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Technology - The enabler that powers Hollywood Bowl Group

Hollywood Bowl Group is the UK’s leading ten-pin bowling business, operating 58 centres nationwide under the Hollywood Bowl, AMF Bowling and Bowlplex brands.

In 2012, the group implemented CRM driven technology to manage their operations and year on year they have improved their revenue performance. They attribute this to increased customer visits year-on-year leveraging the Go system, provided by Green 4, to encourage to visit again via targeted marketing activity.

Peter Oliver, Founder and Director of Green 4 speaks to Stephen Burns, CEO at Hollywood Bowl about the impact of technology on his business.

The Single Customer View

Peter: Has the business proposition changed since you joined the business? How has technology helped with that change?

Stephen: The proposition hasn’t really changed at all. We’re still offering the experience. The elements within it have changed quite a lot as we’ve evolved the proposition to match our customers’ wants and needs.

One of the biggest issues we had was trying to find a way of getting a single customer view. That’s the Holy Grail for any leisure-based business. Up until that point, we were guessing at what our customers wanted. Where should we be investing our marketing expenditure to ensure that we were talking to the customers in a language that we knew that they would understand and interact with?

So, what we did do, was look at how we could try and pull all our systems together. It became very clear that everything that we had wasn’t fit for purpose. We would therefore need to develop a system with the customer at its heart. So many of the businesses that I’d worked for in the past would have a finance system, a reservation system and people systems, and then feed into a data warehouse that attempted to power customer relationships. 

What we wanted to do here was start with the CRM system and then bolt everything onto that so that the customer was at the heart of everything that we did, and the decisions that we made. Which is when we engaged with Green 4 as they focused on the customer. We then enhanced their system and started rolling it out across the entire business.

Peter: What sort of techniques have changed to enable you to capture customers’ information more readily?

Stephen: What CRM enabled us to do was to start building a customer database that we were then able to start segmenting, to ensure that we could talk to our customers in a way that they would understand. This means, when we are talking about specific offers and products, that we are able to put things in front of you that you are more likely to buy. 

If you are a family and you’ve bought family products, we’re not going to start sending you details about the Friday night special with buckets of beer. Equally, if you’ve come with your friends and only bought adult-related products, we’re not going to talk to you about face painting on a Saturday or our family fun weekend.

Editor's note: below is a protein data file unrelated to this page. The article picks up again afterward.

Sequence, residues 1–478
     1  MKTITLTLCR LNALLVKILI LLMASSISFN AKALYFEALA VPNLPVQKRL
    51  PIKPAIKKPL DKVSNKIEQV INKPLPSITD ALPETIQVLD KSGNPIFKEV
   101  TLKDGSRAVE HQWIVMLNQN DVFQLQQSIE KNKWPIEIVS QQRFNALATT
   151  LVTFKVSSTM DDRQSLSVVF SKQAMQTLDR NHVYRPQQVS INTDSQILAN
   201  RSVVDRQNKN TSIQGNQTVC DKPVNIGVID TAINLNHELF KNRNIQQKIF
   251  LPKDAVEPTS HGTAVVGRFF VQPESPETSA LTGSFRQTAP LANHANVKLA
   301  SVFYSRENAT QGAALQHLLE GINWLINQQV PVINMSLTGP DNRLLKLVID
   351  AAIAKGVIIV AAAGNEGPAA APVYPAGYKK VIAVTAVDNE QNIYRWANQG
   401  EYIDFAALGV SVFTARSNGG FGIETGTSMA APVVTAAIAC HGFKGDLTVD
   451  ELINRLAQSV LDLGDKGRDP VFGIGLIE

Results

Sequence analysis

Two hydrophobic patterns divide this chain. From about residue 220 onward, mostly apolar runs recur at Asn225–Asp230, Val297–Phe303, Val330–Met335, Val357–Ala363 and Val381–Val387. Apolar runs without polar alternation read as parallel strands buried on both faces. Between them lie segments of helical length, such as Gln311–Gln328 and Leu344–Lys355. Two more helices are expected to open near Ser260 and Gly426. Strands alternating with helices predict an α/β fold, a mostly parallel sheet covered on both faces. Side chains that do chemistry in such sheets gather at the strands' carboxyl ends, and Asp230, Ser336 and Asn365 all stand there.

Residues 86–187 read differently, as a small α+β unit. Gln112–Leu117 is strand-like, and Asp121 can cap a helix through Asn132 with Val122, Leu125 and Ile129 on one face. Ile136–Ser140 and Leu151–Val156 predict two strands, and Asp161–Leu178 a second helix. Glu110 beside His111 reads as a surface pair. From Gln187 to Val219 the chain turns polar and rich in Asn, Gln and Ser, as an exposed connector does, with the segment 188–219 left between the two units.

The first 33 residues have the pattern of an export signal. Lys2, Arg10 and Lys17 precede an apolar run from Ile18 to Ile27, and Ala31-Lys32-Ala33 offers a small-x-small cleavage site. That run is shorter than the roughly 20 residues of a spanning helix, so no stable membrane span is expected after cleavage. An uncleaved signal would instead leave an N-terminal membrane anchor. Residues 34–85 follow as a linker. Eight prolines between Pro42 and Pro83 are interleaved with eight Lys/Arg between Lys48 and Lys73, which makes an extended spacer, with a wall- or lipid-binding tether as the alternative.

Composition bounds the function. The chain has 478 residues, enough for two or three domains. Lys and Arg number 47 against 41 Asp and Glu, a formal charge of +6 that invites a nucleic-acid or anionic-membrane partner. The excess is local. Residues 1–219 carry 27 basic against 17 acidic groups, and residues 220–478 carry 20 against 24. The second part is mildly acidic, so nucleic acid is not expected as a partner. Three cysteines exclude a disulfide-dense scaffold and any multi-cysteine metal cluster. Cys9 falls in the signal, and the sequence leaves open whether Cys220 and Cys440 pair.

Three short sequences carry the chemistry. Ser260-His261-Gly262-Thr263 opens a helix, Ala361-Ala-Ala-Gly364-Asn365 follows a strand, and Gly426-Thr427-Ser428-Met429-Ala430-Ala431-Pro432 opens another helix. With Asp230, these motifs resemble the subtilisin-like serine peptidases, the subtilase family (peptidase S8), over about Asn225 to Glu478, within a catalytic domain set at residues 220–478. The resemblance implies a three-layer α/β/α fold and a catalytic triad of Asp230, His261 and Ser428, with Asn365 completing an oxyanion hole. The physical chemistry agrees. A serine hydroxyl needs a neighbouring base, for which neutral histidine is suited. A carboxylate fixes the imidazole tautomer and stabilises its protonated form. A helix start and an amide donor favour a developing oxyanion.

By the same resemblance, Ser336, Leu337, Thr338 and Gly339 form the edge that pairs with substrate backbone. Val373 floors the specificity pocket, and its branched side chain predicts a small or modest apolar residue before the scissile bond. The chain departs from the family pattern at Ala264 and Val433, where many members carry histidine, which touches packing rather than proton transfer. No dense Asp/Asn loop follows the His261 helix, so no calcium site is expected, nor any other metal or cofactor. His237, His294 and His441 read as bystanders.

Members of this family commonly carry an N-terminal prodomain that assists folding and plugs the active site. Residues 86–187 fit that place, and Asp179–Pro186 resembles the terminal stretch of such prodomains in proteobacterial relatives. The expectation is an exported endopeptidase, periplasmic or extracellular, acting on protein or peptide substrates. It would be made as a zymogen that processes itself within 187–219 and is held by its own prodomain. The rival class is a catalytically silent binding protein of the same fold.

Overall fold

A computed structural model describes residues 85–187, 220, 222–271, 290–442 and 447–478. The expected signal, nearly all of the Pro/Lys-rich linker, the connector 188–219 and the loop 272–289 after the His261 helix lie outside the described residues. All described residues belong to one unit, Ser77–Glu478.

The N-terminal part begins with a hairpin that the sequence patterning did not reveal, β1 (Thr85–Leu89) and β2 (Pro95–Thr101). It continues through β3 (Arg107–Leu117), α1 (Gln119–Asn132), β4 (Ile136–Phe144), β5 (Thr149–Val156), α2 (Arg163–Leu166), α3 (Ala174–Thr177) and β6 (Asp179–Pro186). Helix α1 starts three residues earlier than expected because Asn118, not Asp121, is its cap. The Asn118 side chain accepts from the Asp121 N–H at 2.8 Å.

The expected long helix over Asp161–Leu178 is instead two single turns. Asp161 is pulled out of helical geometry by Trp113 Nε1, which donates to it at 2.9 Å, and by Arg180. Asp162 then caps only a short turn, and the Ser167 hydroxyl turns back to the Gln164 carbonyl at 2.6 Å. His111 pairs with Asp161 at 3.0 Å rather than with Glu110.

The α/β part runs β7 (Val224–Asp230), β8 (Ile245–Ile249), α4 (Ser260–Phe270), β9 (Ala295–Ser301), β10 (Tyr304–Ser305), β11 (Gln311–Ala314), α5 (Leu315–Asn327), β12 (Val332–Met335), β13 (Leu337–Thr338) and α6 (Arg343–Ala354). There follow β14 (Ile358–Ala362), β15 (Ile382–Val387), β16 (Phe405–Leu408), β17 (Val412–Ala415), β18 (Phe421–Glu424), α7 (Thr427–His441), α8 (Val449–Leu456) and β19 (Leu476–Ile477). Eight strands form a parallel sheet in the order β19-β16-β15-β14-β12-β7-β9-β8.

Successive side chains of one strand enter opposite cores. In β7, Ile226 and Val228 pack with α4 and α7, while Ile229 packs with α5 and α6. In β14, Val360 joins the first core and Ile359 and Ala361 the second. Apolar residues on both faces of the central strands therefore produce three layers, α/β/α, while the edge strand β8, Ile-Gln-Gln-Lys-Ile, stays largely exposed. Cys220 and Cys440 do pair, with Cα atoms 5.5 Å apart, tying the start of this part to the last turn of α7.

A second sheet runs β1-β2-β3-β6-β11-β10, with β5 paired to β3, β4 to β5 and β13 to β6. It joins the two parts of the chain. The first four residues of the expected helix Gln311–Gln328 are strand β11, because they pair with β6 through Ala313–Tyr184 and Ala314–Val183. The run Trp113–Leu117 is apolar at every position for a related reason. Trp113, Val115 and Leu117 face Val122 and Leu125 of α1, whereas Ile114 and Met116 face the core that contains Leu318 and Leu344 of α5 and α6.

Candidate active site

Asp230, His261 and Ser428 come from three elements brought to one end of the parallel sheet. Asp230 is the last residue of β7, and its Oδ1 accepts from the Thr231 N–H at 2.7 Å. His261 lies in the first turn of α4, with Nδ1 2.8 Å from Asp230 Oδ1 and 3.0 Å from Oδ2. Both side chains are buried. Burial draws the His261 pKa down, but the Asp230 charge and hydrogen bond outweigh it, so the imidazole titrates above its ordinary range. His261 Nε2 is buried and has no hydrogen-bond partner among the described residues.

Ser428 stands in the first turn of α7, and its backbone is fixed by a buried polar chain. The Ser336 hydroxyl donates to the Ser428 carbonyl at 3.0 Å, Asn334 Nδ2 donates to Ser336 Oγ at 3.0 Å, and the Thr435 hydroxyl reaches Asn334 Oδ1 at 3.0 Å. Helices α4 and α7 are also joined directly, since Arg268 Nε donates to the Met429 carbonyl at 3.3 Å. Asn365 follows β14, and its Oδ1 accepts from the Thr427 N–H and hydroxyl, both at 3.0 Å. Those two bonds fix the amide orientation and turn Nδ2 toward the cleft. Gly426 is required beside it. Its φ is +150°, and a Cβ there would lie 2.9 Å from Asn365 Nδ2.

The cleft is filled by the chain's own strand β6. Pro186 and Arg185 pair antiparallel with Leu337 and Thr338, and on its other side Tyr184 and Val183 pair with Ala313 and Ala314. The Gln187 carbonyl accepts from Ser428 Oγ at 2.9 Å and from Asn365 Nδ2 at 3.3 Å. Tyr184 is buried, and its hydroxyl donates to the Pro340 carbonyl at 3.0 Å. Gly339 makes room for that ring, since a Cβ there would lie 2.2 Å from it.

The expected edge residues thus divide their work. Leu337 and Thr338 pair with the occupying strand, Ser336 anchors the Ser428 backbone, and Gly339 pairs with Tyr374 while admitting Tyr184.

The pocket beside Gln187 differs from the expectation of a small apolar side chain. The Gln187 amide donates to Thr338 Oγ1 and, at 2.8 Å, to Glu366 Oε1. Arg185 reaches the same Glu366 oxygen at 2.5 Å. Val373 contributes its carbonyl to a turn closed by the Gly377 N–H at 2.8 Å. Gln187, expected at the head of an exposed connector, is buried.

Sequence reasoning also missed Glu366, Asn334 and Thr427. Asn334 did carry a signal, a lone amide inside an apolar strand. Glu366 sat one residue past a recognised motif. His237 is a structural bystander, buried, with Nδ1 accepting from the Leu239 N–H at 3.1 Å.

Key Metrics

Peter: What are some of the key metrics that you can share with us? What are the key things that you’re learning about your customers?

Stephen: Well, frequency’s an interesting one, because we’re a capacity-constrained business. One way of driving frequency is through discounting, which we are pretty loathe to do really. We feel that we’re incredibly competitive and a great value-for-money experience as it is. We don’t particularly want to discount that. 

The way of driving frequency is by really engaging with customers at times that we know they’ll be interested in coming to us. We know when customer has last bowled, what their triggers were for booking in the first place - whether it was maybe a specific e-communication that we sent out, or a specific time of the year, which enables us then to be a lot more sophisticated in terms of the buckets that we put them in. We can target them a lot more proactively without using discount as a lever. 

In terms of some of the key measures, frequency is one of them and we’ve improved frequency from 1.1 times a year to 1.32 times a year. Now, some of that frequency increase has been off the back of investment, but really the only way that we can target our investments is by knowing what our customers really value. 

We’re able to do that through the surveys that we do, which we do on a monthly basis. We get over 5,500 bits of data from our customers on what they value and what they don’t about our product. That all then feeds into the mix to build a more complete picture about our customers. 

Also, equally, spend per game. We’ve moved our spend per game from what was £5.70 in 2011 to north of £8 now. By presenting customers with products that will help enhance their experience when they’re with us. Then, by creating a nice environment for customers to be in, they’re much more likely to dwell and stay longer and have the second game or have the extra drink at the bar that they wouldn’t have done previously.

As a consequence, we’re getting more and more people interacting with our database. We generated just under £4m from our database through personalised email campaigns last year.

They’re all things that are the core indicators to our success. Ultimately, that has helped us drive profit growth, which we’ve moved from around £11m EBITDA in 2011, to what we are expecting to be in line with market expectation with this year, for the financial year 2015, around the £30m EBITDA mark.

That’s been off the back of investment-led growth, organic growth, as well as then driving frequency, improving yield.